Although some people are smarter than others, everybody makes poor decisions. Unlike IQ or innate intellectual capacity, good judgement can be trained ... not just in others, but also in ourselves.
Here are three simple suggestions for improving your judgement.
First, identify your particular biases or 'default' thinking tendencies.
This means coming to terms with your typical patterns of irrationality. For example, are you more driven by fear or success? Do you pay more attention to details or the big picture? Are you more likely to plan for the distant future or do you prioritise now? Do you see the glass as half-full or empty? And do you tend to overthink stuff or are you more prone to making quick, impulsive decisions?
Note that even though these biases are hard to overcome, just being aware of them will help you minimise their adverse effects on decision-making, which will improve your judgement.
Second, learn to prioritise.
Here, it is useful to follow the 90-10 rule adopted by Google and other successful organisations. That is, try to devote 10% of your time to 90% of the decisions, and 90% of your time to 10% of your decisions.
The reason is simple: the vast majority of decisions are both inconsequential and unintellectual - so they can be automated via routine and habit - and the more effectively you do this, the more mental resources you can devote to important matters: key meetings with clients or your boss, big career decisions, complex problems and moral dilemmas.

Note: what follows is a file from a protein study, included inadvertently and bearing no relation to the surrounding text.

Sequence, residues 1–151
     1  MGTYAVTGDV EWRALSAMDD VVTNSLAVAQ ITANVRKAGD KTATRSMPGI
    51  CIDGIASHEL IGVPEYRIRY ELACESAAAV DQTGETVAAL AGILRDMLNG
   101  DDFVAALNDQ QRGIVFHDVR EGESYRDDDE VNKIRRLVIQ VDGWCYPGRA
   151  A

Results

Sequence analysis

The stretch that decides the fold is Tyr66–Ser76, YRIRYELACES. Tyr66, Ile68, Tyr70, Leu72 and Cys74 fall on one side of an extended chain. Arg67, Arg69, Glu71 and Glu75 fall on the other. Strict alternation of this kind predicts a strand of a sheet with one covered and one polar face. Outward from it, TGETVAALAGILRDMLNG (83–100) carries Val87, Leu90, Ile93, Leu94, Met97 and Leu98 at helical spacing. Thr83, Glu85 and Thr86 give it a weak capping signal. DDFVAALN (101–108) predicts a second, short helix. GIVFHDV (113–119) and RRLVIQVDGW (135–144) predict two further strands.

Third, remember that your choices are only one third of the decision-making process.
The other two parts involve persuading others that you are right and persuading yourself, so you can be satisfied with the result. The problems that we face in life rarely have an absolute or objective correct answer, and whether we have made the right or wrong decision can only be determined ad hoc. As the great William James, the father of pragmatism, noted: 'Truth is something that happens to an idea.'
And if you can't convince yourself, then come to terms with the fact that your decision was poor, and learn from experience. As the saying goes: good judgement comes from experience, but experience comes from bad judgement.
Tomas Chamorro-Premuzic is a professor of business psychology at UCL, VP of innovation at Hogan Assessments and co-founder of metaprofiling.com.
Follow Professor Chamorro-Premuzic on Twitter at @drtcp.